Background A number of studies have shown that albumin is used wrongly in hospitals, basically related to its use in hypoalbuminaemia-hypoproteinaemia. Therefore, prescription of albumin should be limited to specific indications. Until recently, pharmacists didn’t know the indication for the use of albumin at the time of dispensing in our hospital.
Purpose To find out what albumin is commonly used for in clinical practice. To design and introduce a permission form bearing specific indications for albumin. To find out whether the implementation of this monitored prescription has affected the amount of albumin dispensed.
Material and methods In order to make the application form, we formed a working group including the main hospital services that use albumin. After introducing it, we examined how much albumin was dispensed during the first 6 months of using the application form, contrasting data with the previous 6 months.
Results This working group reviewed literature recommendations for the use of albumin, developed a permission form, including data about the physician and the patient, and the indications authorised for albumin: bacterial peritonitis, paracentesis, hepatorenal syndrome, hyponatraemic hypervolemia, multiple myeloma and hypoalbuminaemia associated with other factors. It was decided that only three days of treatment would be dispensed.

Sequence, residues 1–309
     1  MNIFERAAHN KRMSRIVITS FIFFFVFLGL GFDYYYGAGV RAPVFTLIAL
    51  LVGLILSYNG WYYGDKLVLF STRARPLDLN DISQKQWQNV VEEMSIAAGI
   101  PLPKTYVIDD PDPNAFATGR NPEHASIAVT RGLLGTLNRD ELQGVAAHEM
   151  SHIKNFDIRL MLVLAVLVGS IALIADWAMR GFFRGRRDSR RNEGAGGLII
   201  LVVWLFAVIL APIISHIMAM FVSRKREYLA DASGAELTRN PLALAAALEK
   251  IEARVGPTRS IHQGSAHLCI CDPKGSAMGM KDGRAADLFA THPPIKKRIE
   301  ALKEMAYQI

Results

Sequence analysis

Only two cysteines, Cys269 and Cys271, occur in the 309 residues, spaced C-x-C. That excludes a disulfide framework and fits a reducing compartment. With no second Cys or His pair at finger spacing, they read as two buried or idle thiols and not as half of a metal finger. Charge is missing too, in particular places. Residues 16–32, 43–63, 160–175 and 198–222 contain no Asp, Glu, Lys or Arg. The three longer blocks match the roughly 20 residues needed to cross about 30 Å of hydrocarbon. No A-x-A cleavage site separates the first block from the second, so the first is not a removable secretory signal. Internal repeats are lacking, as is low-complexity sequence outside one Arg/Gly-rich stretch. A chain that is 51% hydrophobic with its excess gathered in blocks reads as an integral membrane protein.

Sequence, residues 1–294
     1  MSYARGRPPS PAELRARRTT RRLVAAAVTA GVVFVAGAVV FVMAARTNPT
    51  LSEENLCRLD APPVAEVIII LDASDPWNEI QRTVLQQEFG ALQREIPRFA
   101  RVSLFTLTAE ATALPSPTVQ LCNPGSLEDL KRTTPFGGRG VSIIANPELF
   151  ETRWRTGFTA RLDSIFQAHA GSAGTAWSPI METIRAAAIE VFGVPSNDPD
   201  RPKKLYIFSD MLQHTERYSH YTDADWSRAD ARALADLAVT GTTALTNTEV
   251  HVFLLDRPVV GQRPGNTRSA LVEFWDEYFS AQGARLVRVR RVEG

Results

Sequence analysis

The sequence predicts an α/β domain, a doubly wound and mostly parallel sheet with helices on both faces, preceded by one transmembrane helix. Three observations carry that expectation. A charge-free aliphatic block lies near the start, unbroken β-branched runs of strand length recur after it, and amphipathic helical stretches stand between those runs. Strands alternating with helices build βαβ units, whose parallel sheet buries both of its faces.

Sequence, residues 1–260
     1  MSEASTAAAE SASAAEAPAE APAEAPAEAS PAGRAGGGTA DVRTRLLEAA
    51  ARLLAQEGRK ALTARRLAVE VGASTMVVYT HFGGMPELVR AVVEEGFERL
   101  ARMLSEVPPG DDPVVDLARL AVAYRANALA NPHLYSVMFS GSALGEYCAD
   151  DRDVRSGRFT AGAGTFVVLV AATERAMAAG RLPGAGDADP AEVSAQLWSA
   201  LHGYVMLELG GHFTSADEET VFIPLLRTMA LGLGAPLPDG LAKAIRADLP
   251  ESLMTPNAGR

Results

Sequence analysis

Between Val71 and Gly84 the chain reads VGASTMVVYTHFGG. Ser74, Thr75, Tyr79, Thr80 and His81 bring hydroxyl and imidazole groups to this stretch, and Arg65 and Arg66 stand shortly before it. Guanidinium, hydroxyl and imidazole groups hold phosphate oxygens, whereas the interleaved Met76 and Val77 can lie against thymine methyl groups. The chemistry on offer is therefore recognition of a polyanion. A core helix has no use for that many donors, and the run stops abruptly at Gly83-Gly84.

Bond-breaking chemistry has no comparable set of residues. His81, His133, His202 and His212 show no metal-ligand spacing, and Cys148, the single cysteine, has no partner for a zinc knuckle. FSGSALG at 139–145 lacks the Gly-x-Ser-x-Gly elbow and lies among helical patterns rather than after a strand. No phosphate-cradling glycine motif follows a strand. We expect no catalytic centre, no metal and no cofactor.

The most common indications were: paracentesis and hypoalbuminaemia.
The amount of albumin dispensed was reduced to 37.9% of the use over the previous 6 months, when the permission form had not yet been introduced.
Conclusion Up to now, in our hospital we dispensed albumin without knowing the indication for which it was prescribed. Since the introduction of pharmaceutical validation of the prescription by the permission form, there has been a decrease in and optimisation of its use.
References and/or acknowledgements 1 The SAFE Study Investigators, Finfer S, McEvoy S, et al. Impact of albumin compared to saline on organ function and mortality of patients with severe sepsis. Intensive Care Med 2011;37:86–96
No conflict of interest.
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